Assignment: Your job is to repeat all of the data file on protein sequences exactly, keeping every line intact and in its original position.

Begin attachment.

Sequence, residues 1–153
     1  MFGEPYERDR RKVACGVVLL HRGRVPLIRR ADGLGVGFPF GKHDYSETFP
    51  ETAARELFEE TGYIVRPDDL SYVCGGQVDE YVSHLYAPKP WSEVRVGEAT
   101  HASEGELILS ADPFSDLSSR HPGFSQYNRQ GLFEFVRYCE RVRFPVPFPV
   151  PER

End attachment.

Sequence, residues 1–153
     1  MFGEPYERDR RKVACGVVLL HRGRVPLIRR ADGLGVGFPF GKHDYSETFP
    51  ETAARELFEE TGYIVRPDDL SYVCGGQVDE YVSHLYAPKP WSEVRVGEAT
   101  HASEGELILS ADPFSDLSSR HPGFSQYNRQ GLFEFVRYCE RVRFPVPFPV
   151  PER